UC-Berkeley Professor Kenneth Rosen Stays Mum About Close Ties to Corporate Landlords
Note: This article was first published in 2018 during the Proposition 10 campaign. To maintain a record of this important information, Housing Is A Human Right is republishing it.
In the debate over California’s Proposition 10, UC-Berkeley Professor Kenneth T. Rosen is not the independent expert he wants Californians to believe he is. In fact, he’s closely aligned with major campaign contributors who have shelled out more than $12 million to oppose Prop 10. Worse, Rosen hasn’t been transparent about his tight connections to the corporate landlords that want to stop Prop 10.
Rosen is the chair of UC-Berkeley’s Fisher Center for Real Estate and Urban Economics, which conducts research on housing and real estate and holds conferences for real-estate professionals. It also collaborates with UC-Berkeley’s Terner Center for Housing Innovation.
These are not schools that work closely with housing justice and tenant rights activists. Instead, they cater to, and receive financial support from, executives at such firms as Blackstone Group, Essex Property Trust, and Prometheus Real Estate Group. Essex Property Trust founder George M. Marcus is an “individual founding supporter” of the Terner Center. So is Prometheus Real Estate Group CEO Jackie Safier.
But Kenneth Rosen is particularly tied to corporate landlords. He’s chair of the Fisher Center’s policy advisory board, a “who’s who” of top real-estate executives who represent such multi-billion-dollar companies as AvalonBay Communities, Sares-Regis Group, and UDR, Inc.
Marcus and Safier, for example, also sit on the Fisher Center’s policy advisory board executive committee — and Terner Center director Carol Galante is a member of that committee. (Click to see members of the Fisher Center policy advisory board.)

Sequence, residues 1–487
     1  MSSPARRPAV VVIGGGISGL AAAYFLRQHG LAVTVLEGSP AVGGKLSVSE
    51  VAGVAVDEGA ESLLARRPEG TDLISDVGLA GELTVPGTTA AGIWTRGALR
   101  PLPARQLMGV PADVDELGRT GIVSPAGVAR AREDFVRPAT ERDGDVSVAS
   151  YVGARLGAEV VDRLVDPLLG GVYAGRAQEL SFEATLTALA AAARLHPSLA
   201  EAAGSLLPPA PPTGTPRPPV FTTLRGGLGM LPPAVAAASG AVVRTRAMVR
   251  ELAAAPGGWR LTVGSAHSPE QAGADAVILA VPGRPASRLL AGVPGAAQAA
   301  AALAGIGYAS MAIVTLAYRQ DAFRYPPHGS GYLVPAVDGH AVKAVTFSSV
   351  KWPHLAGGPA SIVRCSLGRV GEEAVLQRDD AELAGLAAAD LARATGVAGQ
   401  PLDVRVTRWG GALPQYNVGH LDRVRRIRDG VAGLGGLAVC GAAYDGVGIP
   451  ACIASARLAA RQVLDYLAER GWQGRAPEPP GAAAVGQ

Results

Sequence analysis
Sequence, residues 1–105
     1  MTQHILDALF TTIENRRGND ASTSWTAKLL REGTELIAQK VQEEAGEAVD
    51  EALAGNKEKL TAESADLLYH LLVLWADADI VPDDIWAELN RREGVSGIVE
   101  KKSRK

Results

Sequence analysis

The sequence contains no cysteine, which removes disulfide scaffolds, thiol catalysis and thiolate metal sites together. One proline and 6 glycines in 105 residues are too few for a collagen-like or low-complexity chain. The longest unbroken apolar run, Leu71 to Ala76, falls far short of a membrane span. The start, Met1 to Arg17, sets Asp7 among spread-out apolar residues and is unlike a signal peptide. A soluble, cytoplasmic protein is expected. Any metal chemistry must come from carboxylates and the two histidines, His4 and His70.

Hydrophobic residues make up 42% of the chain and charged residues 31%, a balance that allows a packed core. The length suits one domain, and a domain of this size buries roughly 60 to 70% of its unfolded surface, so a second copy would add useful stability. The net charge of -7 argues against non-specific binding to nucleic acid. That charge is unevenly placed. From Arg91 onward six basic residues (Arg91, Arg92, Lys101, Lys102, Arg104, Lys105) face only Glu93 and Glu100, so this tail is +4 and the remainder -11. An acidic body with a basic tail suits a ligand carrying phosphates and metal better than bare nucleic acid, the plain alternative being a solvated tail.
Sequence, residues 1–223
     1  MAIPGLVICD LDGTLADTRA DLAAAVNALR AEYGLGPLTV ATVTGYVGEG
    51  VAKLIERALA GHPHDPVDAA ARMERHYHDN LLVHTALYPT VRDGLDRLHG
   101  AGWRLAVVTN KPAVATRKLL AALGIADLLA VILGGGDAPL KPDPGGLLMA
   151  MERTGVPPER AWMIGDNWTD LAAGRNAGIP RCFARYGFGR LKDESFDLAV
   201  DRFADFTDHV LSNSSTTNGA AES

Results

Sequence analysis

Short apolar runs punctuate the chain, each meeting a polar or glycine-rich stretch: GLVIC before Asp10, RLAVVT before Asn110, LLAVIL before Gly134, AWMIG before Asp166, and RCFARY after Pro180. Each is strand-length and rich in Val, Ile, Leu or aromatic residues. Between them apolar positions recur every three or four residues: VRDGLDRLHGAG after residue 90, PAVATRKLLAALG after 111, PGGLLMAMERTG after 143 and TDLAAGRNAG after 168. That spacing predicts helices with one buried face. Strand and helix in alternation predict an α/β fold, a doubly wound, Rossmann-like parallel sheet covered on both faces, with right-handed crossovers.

As noted on the Fisher Center’s website, “Critical to the success of our efforts is our partnership with our Policy Advisory Board. For over thirty years, real estate and finance leaders have provided the primary financial support for all the Center’s activities.”
Guess who’s now written an 11-page report that’s critical of rent control and Proposition 10? Kenneth T. Rosen.
California’s Prop 10 allows communities to limit excessive rents and check corporate rent-gouging. The League of Women Voters, the California Democratic Party, the California Labor Federation, the California Teachers Union, and many others have endorsed the November ballot measure, but corporate landlords hate it. So much so they have spent millions to stop Prop 10 — and many of the top executives at those firms sit with Rosen on the Fisher Center’s policy advisory board.
As of September 6, 2018, Essex Property Trust, Prometheus Real Estate Group, Legacy Partners, Prime Group/Administration, UDR, Inc., AvalonBay Communities, Blackstone Group, Coit Financial Group, George M. Marcus and affiliated entities, and Sares-Regis Group have shelled out $12,058,052 to campaign committees opposing Prop 10. Executives at all those companies are members of the Fisher Center’s policy advisory board.
Those 10 corporations are among the top contributors to campaign committees opposing Prop 10:
- Blackstone: $4.2 million
- Essex Property Trust: $2.4 million
- George M. Marcus and affiliated entities: $1.5 million
- AvalonBay: $1.5 million
- Prometheus: $785,500
- UDR: $644,925
- Prime Group: $362,600
- Sares-Regis: $281,200
- Coit Financial Group: $250,000
- Legacy Partners: $102,980
That’s no small change — and it’s important for people to know. One would think Kenneth Rosen would be fully transparent with reporters and voters about his deep ties to corporations that are laying out more than $12 million to oppose Prop 10. After all, it would at least give the appearance that he’s not trying to fool anyone; that his analysis is truly independent. (Curbed SF notes that Rosen’s report was far from groundbreaking, covering “mostly familiar arguments” and offering one idea that was “nonsensical.”)
But Rosen didn’t come clean. In the report’s press release, there’s no mention of his close connections to Essex Property Trust, Prometheus Real Estate Group, and the other anti-Prop 10 contributors — and there’s no disclaimer in the report itself. Why is that? Perhaps because Rosen’s credibility, and the credibility of Fisher Center, would be questioned?
In the end, reporters and voters must question the motives of anyone from Fisher Center and Terner Center who criticizes rent control and Prop 10. Representatives such as Kenneth Rosen and David Garcia of the Terner Center are not independent experts on rent control and Proposition 10. They are inextricably tied to corporations that want to maintain the status quo for bigger profits while Californians struggle with the nation’s worst housing-affordability crisis.
Patrick Range McDonald, the author of this article, is the advocacy journalist for Housing Is A Human Right.